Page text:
First Addition

Adding new regulars to a comedy can be tricky. Not dramas; today’s dramas at least, are more or less built to accommodate the coming and going of characters; you expect that they’ll add a regular or two every year and, on some shows like Lost, drop almost as many regulars as they add. But because a comedy is usually based around a relatively small core group, adding a new person to that group is usually taken as a sign of desperation, an admission that something wasn’t working the first time around or that the network is meddling. When a drama adds a new regular in the second season, it’s a normal occurrence; when a comedy adds a new regular, it’s usually because the original cast just didn’t quite cut it. Call it the Steve Urkel Theory of Comedy Casting: any character added as a regular to a comedy is added to make up for some deficiency in the regular cast.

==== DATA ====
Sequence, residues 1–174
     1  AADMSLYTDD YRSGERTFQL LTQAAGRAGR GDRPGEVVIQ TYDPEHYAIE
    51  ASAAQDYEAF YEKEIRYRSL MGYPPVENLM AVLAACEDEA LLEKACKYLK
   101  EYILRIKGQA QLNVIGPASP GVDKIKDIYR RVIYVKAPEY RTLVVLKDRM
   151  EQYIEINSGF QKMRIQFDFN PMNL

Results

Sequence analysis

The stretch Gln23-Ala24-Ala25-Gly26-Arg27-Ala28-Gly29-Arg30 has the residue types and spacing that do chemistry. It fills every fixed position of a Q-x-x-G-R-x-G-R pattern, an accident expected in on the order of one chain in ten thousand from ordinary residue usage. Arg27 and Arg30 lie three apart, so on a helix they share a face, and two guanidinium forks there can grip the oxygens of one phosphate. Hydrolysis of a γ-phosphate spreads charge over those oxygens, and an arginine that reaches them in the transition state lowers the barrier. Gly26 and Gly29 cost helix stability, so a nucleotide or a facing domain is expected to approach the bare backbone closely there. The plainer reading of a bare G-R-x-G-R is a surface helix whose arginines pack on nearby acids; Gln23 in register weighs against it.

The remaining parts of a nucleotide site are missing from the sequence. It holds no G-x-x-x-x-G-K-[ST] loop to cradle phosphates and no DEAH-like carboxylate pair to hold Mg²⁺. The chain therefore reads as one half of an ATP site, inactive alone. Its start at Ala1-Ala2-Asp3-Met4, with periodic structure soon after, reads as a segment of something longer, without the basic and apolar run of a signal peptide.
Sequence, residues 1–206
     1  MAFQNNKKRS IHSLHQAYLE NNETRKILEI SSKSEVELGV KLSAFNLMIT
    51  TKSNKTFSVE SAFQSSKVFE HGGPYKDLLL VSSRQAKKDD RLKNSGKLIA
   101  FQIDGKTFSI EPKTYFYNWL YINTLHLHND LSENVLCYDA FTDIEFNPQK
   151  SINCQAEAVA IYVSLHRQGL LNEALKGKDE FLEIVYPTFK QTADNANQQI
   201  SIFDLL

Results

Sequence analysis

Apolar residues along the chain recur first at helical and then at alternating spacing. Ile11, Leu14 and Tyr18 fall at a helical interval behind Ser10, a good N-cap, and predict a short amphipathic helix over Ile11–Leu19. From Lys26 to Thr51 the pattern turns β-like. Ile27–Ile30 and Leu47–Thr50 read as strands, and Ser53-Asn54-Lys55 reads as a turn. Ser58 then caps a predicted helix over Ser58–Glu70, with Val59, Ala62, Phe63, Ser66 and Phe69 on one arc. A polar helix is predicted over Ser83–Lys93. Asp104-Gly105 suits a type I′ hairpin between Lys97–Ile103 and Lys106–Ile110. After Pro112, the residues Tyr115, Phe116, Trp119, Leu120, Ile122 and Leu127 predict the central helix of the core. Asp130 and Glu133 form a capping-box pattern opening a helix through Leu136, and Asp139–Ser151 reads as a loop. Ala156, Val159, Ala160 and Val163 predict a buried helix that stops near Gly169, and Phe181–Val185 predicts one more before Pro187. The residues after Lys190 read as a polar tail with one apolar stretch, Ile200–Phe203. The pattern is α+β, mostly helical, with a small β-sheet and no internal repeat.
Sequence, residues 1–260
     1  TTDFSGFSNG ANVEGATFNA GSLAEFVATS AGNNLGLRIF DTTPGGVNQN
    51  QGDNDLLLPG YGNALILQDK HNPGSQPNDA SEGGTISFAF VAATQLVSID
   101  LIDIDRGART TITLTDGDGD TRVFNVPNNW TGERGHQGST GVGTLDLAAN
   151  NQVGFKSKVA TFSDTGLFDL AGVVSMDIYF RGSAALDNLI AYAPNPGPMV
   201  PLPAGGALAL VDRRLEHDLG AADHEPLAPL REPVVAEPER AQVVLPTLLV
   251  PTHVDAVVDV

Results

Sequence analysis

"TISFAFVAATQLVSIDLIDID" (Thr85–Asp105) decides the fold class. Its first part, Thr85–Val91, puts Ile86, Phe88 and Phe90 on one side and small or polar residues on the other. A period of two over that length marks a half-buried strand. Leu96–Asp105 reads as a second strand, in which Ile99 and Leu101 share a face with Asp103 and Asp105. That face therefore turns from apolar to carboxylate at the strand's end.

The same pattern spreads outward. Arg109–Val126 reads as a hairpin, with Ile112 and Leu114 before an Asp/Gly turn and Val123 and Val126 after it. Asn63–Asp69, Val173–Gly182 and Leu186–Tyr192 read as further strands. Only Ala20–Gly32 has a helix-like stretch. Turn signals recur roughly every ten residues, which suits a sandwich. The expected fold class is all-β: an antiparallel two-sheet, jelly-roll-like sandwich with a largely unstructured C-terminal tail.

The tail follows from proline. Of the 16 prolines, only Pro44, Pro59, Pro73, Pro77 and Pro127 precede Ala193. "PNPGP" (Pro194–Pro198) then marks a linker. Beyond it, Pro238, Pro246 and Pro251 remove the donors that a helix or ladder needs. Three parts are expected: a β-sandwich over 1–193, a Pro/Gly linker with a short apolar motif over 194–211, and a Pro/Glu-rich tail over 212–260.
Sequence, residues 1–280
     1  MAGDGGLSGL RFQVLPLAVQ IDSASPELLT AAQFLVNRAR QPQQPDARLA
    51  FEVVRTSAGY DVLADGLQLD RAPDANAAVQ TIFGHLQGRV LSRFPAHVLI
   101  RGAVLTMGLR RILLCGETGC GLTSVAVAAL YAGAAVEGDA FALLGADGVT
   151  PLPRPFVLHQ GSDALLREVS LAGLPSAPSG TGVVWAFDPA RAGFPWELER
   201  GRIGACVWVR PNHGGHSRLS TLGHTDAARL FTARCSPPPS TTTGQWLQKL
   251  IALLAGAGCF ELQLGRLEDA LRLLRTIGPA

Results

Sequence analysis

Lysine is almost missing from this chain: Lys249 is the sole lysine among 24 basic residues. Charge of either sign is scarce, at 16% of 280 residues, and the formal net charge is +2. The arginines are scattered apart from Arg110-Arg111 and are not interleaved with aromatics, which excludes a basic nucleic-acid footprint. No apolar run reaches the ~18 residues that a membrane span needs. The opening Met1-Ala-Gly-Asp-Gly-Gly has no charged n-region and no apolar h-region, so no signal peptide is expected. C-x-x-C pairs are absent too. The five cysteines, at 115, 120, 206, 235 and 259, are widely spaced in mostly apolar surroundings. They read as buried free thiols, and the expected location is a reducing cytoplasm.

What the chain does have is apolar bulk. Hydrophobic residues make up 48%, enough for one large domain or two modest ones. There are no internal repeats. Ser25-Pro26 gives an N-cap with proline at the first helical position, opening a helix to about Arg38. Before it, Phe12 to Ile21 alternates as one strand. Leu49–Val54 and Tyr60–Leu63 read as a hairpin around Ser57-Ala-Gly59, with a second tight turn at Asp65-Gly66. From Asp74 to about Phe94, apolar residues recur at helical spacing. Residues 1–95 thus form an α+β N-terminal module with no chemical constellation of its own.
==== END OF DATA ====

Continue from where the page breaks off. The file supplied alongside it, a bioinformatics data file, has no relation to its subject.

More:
That said, just because adding a new regular is a sign of desperation doesn’t mean it never helps. So I’m glad that Sara Gilbert is joining The Big Bang Theory as a regular, because her guest appearances last season clearly showed that she fit in perfectly with the main cast, and that she was much funnier than the female lead, Kaley Cuoco. Also, a show whose regular cast consists of four men and one woman is a little imbalanced. Even Two and a Half Men has more women in the cast. The Big Bang Theory is already a more appealing comedy than Chuck Lorre’s other show, Two and a Half Men, much less nasty, and performers like Jim Parsons and that guy from Dr. Horrible have really established themselves as first-class comedy characters. (Ironically, the two most “established” performers in the cast, Johnny Galecki and Cuoco, have been the ones who have made less of an impression; Galecki will be helped by having his old Roseanne chum Gilbert around full-time.) So while the hint of desperation is clear — TBBT has done well, but failed to build much on its strong start, and the producers are obviously hoping that Gilbert can give it the boost it needs — it may be “good desperation.”

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